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Touched by the lamplighter's Promethean art, Bankers from Paper Buildings here resort,
Start into light, and make the lighter start; Bankrupts from Golden Square and Riches Court;
To see red Phoebus through the gallery-pane From the Haymarket canting rogues in grain,
Tinge with his beam the beams of Drury Lane ; Gulls from the Poultry, sots from Water Lane ;
While gradual parties fill our widened pit, The lottery-cormorant, the auction-shark,
And gape and gaze and wonder ere they sit. The full-price master, and the half-price clerk ;

Boys who long linger at the gallery door,
At first, while vacant seats give choice and ease, with pence twice five, — they want but twoprace
Distant or near, they settle where they please ;

more; But when the multitude contracts the span, Till some Samaritan the twopence spares, And seats are rare, they settle where they can.

And sends them jumping up the gallery stairs. Now the full benches to late-comers doom No room for standing, miscalled standing room.

Critics we boast who ne'er their malice halk,

But talk their minds, we wish they'd mind Hark! the check-taker moody silence breaks,

their talk ; And bawling "Pit full !" gives the check he takes; Big-worded bullies, who by quarrels live, Yet onward still the gathering numbers cram,

Who give the lie, and tell the lie they give; Contending crowders shout the frequent damn,

Jews from St. Mary Axe, for jobs so wary,
And all is bustle, squeeze, row, jabbering, and jam. That for old clothes they'd even axe St. Mary ;

And bucks with pockets empty as their pate,
See to their desks Apollo's sons repair, Lax in their gaiters, laxer in their gait;
Swift rides the rosin o'er the horse's hair !

Who oft, when we our house lock up, carouse
In unison their various tones to tune,

With tippling tipstaves in a lock-up house.
Murmurs the hautboy, growls the hoarse bassoon;
In soft vibration sighs the whispering lute, Yet here, as elsewhere, Chance can joy bestow,
Tang goes the harpsichord, too-too the flute,

For scowling Fortune seemed to threaten woe.
Brays the loud trumpet, squeaks the fiddle sharp,
Winds the French horn, and twangs the tingling John Richard William Alexander Dwyer
harp ;

Was footman to Justinian Stubbs, Esquire ;
Till, like great Jove, the leader, figuring in,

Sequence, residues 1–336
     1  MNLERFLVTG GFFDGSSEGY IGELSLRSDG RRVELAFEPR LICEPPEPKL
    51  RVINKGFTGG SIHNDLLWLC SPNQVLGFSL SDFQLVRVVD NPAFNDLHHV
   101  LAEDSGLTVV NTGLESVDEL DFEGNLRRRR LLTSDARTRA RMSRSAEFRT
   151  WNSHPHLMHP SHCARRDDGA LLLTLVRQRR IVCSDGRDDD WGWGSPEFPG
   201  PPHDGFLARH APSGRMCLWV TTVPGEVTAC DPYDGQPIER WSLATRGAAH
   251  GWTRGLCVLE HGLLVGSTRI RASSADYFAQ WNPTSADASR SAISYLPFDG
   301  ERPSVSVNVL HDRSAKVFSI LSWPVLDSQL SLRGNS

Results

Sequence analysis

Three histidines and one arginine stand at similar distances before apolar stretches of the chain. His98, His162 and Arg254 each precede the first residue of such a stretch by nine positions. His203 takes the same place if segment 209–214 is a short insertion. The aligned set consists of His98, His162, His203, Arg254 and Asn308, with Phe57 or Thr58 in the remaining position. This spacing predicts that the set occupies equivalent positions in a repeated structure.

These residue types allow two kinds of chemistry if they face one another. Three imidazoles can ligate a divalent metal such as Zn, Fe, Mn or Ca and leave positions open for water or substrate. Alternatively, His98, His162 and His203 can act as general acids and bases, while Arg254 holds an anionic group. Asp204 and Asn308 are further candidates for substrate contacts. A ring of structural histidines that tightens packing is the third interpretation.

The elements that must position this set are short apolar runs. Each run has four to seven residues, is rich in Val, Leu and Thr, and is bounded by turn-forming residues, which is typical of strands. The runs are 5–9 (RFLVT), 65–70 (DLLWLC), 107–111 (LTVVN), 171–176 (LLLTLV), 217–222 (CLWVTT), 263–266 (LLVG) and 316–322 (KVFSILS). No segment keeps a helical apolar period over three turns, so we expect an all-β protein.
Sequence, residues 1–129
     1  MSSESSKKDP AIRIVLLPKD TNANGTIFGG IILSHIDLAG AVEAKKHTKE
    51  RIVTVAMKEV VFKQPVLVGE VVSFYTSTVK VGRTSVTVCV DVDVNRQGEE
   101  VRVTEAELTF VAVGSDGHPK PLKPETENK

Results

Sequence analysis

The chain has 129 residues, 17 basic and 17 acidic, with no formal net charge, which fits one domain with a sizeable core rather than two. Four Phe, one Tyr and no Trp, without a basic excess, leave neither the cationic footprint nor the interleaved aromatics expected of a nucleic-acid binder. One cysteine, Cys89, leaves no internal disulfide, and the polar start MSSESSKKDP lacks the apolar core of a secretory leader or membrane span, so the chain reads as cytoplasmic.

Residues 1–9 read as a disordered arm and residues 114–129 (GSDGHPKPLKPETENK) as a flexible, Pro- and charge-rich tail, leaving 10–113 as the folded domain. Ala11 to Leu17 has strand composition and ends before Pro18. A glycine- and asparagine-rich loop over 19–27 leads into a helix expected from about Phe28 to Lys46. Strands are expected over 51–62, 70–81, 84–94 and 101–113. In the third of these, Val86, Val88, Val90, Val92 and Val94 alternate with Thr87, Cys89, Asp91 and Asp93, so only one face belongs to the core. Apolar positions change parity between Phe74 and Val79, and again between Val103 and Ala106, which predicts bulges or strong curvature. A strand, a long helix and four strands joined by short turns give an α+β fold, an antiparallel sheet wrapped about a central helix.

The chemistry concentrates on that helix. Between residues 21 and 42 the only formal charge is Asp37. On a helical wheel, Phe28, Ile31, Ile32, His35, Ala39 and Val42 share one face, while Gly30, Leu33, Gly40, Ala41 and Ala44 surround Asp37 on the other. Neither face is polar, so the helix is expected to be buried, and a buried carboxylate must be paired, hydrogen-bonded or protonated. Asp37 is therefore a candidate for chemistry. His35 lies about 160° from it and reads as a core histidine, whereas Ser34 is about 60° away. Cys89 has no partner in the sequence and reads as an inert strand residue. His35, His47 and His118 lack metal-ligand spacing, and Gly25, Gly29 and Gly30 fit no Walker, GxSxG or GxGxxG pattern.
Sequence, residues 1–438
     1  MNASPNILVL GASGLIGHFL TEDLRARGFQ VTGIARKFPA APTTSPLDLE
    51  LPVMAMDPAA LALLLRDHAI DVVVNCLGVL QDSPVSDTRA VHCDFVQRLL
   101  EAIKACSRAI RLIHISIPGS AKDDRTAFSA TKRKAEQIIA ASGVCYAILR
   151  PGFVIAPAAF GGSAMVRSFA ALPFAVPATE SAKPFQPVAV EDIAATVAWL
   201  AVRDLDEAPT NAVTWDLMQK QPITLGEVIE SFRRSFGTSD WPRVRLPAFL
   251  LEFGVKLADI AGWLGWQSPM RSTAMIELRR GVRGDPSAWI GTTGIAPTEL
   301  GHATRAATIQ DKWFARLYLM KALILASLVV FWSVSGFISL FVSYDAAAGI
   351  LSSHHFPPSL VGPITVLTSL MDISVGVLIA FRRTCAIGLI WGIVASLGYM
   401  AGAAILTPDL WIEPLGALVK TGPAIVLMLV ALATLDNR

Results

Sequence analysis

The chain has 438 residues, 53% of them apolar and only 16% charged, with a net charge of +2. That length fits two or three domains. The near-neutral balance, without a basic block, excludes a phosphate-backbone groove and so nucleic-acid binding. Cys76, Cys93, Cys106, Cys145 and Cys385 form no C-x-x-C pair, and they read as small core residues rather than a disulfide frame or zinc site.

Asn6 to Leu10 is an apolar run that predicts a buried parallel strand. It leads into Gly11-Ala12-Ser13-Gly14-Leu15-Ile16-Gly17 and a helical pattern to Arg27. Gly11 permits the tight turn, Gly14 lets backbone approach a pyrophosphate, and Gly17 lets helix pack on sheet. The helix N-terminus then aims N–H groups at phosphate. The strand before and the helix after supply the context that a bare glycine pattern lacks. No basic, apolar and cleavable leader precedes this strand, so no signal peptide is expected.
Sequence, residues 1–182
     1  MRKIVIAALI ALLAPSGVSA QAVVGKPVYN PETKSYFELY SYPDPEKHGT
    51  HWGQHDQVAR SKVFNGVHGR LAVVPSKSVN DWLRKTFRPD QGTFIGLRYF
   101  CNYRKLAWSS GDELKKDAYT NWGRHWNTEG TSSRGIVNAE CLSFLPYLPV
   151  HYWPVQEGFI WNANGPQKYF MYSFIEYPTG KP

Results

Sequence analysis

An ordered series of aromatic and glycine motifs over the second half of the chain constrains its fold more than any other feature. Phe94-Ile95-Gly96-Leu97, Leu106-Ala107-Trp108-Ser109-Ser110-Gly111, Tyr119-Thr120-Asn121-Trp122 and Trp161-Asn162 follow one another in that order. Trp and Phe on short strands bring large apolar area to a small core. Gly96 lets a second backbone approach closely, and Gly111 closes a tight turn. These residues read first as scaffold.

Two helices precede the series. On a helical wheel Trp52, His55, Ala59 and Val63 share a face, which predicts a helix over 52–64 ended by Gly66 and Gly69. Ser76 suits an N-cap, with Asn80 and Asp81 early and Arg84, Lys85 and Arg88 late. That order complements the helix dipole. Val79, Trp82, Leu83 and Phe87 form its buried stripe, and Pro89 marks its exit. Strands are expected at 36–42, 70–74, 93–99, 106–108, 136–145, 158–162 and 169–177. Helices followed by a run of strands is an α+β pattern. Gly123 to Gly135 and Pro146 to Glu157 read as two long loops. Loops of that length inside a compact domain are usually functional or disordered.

But when John Dwyer listed in the Blues, Attunes to order the chaotic din.

Emanuel Jennings polished Stubbs's shoes. Now all seems hushed, — but, no, one fiddle will Emanuel Jennings brought his youngest boy Give, half ashamed, a tiny flourish still.

Up as a corn-cutter, - a safe employ ; Foiled in his crash, the leader of the clan

In Holy-well Street, St. Pancras, he was bred Reproves with frowns the dilatory man;

(At number twenty-seven, it is said), Then on his candlestick thrice taps his bow,

Facing the pump, and near the Granby's Heal; Nods a new signal, and away they go.

He would have bound him to some shop in town, Perchance, while pit and gallery cry “Hats off!" But with a premium he could not come down. And awed Consumption checks his chided cough, Fonder of purl and skittle grounds than truth.

Pat was the urchin's name, - a red-haired youth, Some giggling daughter of the Queen of Love Drops, rest of pin, her play-bill from above : Like Icarus, while laughing galleries clap,

Silence, ye gods ! to keep your tongues in awe, Soars, ducks, and dives in air the printeil scrap;

The Muse shall tell an accident she saw. But, wiser far than he, combustion fears,

Pat Jennings in the upper gallery sat, And, as it flies, eludes the chandeliers ;

But, leaning forward, Jennings lost his hat :
Till, sinking gradual, with repeated twirl,

Down from the gallery the beaver flew,
It settles, curling, on a fiddler's curl ;
Who from his powdered pate the intruder strikes, How shall he act ? Pay at the gallery-door

And spurned the one to settle in the two.
And, from mere malice, sticks it on the spikes. Two shillings for what cost, when new, bat iour !

Say, why these Babelstrains from Babeltongues? Or till half-price, to save his shilling, wait, Who's that calls “Silence !" with such leathern And gain his hat again at half past eight? lungs ?

Now, while his fears anticipate a thief, He who, in quest of quiet, “Silence !” hoots,

John Mullens whispers, "Take my handkerchiel." Is apt to make the hubbub he imputes.

“ Thank you,” cries Pat; "but one won't make

a line." What various swainsourmotley walls contain!— “Take mine," cried Wilson ; and cried Stokes, Fashion from Moorfields, honor from Chick Lane; “ Take mine."

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A inotley cable soon Pat Jennings ties,
Where Spitalfields with real India vies.
Like Iris' bow, down darts the painted clew,
Starred, striped, and spotted, yellow, red, and blue,
Old calico, torn silk, and muslin new.
George Green below, with palpitating hand,
Loops the last kerchief to the beaver's band,
Upsoars the prize ! The youth with joy unfeigned
Regained the felt, and felt what he regained ;
While to the applauding galleries grateful Pat
Made a low bow, and touched the ransomed hat.

JAMES SMITH.

Helter-skelter,

Hurry-skurry. Here it comes sparkling, And there it lies darkling; Now smoking and frothing Its tumult and wrath in, Till in this rapid race

On which it is bent,

It reaches the place Of its steep descent.

THE CATARACT OF LODORE.

DESCRIBED IN RHYMES FOR THE NURSERY.

“ How does the water Come down at Lodore ?" My little boy asked me

Thus, once on a time; And moreover he tasked me To tell him in rhyme.

Anon at the word, There first came one daughter,

And then came another,

To second and third
The request of their brother,
And to hear how the water

Comes down at Lodore,
With its rush and its roar,

As many a time
They had seen it before.

So I told them in rhyme,
For of rhymes I had store;
And 't was in my vocation

For their recreation
That so I should sing ;
Because I was Laureate

To them and the King.

The cataract strong
Then plunges along,
Striking and raging

As if a war waging
Its caverns and rocks among ;

Rising and leaping,

Sinking and creeping,
Swelling and sweeping,
Showering and springing,

Flying and flinging,
Writhing and ringing,
Eddying and whisking,
Spouting and frisking,
Turning and twisting,

Around and around
With endless rebound :

Smiting and fighting,

A sight to delight in ;

Confounding, astounding, Dizzying and deafening the ear with its sound.

From its sources which well
In the tarn on the fell ;

From its fountains

In the mountains,

Its rills and its gills ; Through moss and through brake,

It runs and it creeps
For a while, till it sleeps